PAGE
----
Enforcement against foreign assets in a US court has been difficult. However, the Middle District of Florida in Wells Fargo Bank v. Barber, 2015 WL 470589 (M.D. Fla Feb 4, 2015), showed how it is possible.
There, plaintiffs had obtained a state court judgment and sought to enforce that judgment seeking injunctive relief, foreclosing on a membership interest in a Nevis LLC, and to avoid fraudulent transfers. Defendants sought to dismiss the complaint. As to the count to foreclose upon the membership interest, the defendants took the position that the Nevis LLC was beyond in rem or quasi in rem jurisdiction of the court. The court determined that a membership interest in a limited liability company is intangible personal property, which “accompanies the person of the owner.” Since the defendant resides in Florida, her membership interest is located in Florida and is properly subject to in rem jurisdiction in Florida.
The court also had to consider whether the laws of Florida or Nevis applied as to enforcement against the membership interest. The court noted that the Florida LLC Act provides two avenues for a judgment creditor to recover from a judgment debtor’s membership interest. First, a judgment creditor may apply for a charging order to receive distributions whenever the judgment debtor was entitled. Second, where the judgment debtor is the sole member of the LLC, the judgment creditor may apply to foreclose the interest in the company upon proper showing. By comparison, the Nevis LLC Ordinance allows for the entry of a charging order and as such, the court may charge the member’s interest with payment of the judgment. To the extent so charged, the judgment creditor has the rights of an assignee of the member’s interest. However, Nevis law is clear that such a charging order “shall be the sole remed(y) available to any creditor of a member’s interest,” thus excluding foreclosure on the membership interest regardless of circumstances. But, Nevis law allows the non-charged member to redeem a charged member’s interest, while Florida LLC Act does not. Based on these distinctions, the court concluded that the remedies afforded to judgment creditors under the Florida LLC Act and the Nevis LLC Ordinance are not substantially similar and therefore, the court needed to complete a traditional conflicts-of-law analysis.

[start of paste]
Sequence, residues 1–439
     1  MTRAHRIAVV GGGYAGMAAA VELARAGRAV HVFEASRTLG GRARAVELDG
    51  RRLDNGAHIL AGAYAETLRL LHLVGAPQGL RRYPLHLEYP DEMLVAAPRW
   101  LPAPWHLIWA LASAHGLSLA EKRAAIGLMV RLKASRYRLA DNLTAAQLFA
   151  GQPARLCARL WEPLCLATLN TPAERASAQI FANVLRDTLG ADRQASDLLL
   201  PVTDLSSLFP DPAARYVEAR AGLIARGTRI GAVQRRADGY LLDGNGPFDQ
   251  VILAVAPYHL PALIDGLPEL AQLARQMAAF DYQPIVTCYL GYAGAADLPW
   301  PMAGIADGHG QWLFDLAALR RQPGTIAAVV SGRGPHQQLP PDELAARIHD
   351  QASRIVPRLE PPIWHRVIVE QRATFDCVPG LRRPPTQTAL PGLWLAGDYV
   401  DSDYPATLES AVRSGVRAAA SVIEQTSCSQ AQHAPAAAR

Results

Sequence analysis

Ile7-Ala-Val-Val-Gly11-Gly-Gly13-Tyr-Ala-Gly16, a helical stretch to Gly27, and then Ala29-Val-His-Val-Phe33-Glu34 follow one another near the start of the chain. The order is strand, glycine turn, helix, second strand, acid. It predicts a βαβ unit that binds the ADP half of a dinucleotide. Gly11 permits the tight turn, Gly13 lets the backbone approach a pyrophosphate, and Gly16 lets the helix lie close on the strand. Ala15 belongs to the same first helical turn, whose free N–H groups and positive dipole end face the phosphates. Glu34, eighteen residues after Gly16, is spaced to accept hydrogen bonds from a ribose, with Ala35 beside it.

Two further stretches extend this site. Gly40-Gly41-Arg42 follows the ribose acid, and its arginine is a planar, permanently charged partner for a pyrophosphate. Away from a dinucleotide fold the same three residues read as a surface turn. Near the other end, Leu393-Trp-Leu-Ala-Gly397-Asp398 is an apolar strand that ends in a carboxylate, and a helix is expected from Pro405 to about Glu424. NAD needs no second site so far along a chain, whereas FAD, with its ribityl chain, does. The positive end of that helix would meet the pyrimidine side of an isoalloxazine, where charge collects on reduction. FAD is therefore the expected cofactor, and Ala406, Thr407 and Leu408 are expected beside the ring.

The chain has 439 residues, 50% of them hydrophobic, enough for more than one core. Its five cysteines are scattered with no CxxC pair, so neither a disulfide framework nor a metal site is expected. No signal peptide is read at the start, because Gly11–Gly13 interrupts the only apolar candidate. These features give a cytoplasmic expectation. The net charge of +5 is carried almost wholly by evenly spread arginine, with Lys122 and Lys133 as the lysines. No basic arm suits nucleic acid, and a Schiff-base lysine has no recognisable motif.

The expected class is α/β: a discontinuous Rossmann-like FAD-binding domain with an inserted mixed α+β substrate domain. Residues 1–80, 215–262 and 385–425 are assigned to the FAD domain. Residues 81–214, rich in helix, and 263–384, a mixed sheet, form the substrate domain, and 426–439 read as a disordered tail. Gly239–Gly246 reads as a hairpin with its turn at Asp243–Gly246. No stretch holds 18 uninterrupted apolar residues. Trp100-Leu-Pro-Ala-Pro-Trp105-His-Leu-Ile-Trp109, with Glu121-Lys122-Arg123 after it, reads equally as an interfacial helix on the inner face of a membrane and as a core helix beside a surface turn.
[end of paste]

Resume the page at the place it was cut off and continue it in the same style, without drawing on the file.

First, the court must characterize the legal issue. As stated earlier, membership interests are considered personal property, therefore, the legal issue sounds in property. Second, in Florida, the law of the situs of the property controls. Since the defendant resides in Florida, so does her membership interest in the Nevis LLC and Florida law applies. Because the defendant is the sole member of the Nevis LLC, foreclosure is a possible remedy and the motion to dismiss was denied.